“Now, I’ve learned, the hard way, that some poems don’t rhyme, and some stories don’t have a clear beginning, middle, and end. Life is about not knowing, having to change, taking the moment, and making the best of it, without knowing what’s going to happen next. Delicious ambiguity.”
Gilda Radner’s quotation has always resonated with me. This weekend at the OMG Stupid Cancer Summit in Las Vegas, “delicious ambiguity” became somewhat of a refrain.
I have been quite fortunate in my seventeen years post chemo. While I certainly did have to embrace a new normal, over time, I have assimilated into a daily grind that, from the outset, looks no different than that of my colleagues and friends. For many years, cancer was just a speck in my rear view mirror – to borrow road trip lingo – it was a major pothole several miles back that rocked me, but hasn’t seemed to affect my horizon. Yet, in the past year, the structural damage from that stupid pothole way back has started to surface. All at once, I feel like I am 28 going on 82, and the idea that my body is giving up on me now has been rather depressing. On one hand, I guess I should be thrilled I got 17 great years out of this body; on the other hand, I’m only 28, and I am not ready to be seeking advice from my grandma and her friends on hearing aids, pacemakers, and cataracts.
While Las Vegas as a city left a bad taste in my mouth (seriously, even the tap water in our room tasted and smelled like an ashtray), OMG and Stupid Cancer did deliver on the promise of enabling me to network with people who just “get it”. It was good to be reminded that I don’t ‘t have to be in treatment or right out of treatment in order to appreciate just how supportive the adolescent/young adult community can be. I spent the weekend with new friends, who gave me great advice on their own experiences coping with octogenarian health issues in their twenties and thirties. Moreover, we had a fantastic time dining, drinking, and reminiscing together.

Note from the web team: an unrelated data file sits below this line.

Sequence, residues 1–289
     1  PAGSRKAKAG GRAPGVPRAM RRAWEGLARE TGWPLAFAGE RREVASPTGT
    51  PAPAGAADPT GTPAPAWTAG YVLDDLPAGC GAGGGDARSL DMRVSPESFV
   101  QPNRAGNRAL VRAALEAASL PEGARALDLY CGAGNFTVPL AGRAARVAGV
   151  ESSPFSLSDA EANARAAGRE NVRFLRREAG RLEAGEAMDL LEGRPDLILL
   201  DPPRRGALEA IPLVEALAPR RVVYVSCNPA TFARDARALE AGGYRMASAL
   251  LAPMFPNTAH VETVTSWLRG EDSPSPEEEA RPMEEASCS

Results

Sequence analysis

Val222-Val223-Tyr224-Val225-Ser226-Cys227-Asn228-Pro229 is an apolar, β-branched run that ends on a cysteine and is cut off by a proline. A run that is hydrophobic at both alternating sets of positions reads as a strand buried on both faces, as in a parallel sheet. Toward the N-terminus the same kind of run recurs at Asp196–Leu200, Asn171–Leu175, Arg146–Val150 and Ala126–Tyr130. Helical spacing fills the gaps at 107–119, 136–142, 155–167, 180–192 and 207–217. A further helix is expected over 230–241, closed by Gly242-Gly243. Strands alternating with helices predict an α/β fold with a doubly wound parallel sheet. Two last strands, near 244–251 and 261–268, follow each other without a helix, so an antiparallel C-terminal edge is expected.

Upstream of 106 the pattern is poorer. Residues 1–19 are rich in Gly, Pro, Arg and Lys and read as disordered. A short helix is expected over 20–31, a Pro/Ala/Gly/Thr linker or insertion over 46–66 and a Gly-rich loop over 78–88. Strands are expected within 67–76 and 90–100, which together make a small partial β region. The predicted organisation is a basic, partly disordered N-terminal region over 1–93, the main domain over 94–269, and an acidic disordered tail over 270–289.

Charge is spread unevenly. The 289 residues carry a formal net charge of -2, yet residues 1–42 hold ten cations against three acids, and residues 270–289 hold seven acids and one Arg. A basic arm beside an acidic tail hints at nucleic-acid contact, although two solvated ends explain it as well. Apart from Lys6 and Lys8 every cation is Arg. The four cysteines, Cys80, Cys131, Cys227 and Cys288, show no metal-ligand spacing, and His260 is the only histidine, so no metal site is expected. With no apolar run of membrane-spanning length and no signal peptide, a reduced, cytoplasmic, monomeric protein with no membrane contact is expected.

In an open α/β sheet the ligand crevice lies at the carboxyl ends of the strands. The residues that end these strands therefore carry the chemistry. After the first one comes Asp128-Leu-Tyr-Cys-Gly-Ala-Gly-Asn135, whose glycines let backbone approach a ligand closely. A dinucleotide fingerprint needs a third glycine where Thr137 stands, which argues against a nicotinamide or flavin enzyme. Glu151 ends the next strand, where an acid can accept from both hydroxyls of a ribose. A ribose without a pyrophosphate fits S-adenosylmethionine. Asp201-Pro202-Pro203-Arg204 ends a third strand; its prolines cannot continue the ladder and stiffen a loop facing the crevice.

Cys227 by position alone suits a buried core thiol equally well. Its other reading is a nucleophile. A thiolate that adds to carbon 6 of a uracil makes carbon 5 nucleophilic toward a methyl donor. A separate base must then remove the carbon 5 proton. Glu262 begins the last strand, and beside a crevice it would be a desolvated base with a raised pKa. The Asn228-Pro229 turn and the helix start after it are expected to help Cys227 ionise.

For me, the best part of OMG was not the cars, the iPads, or the fancy nightclubs. The best parts for me had absolutely nothing to do with Las Vegas and could just have easily have taken place in the red rocks of Sedona or the hilly streets of San Francisco. The connections I made and friendships I built in the off hours between sessions were rejuvenating and empowering. I came out of this weekend encouraged: I can do this. I can deal with this round of crazy bodily repairs and anything else that might be thrown at me. Life after cancer is about having to change; even the new normals we discover for ourselves are ultimately ephemeral. Life after cancer is about taking the moment and making the best of it, recognizing that tomorrow may bring something completely different.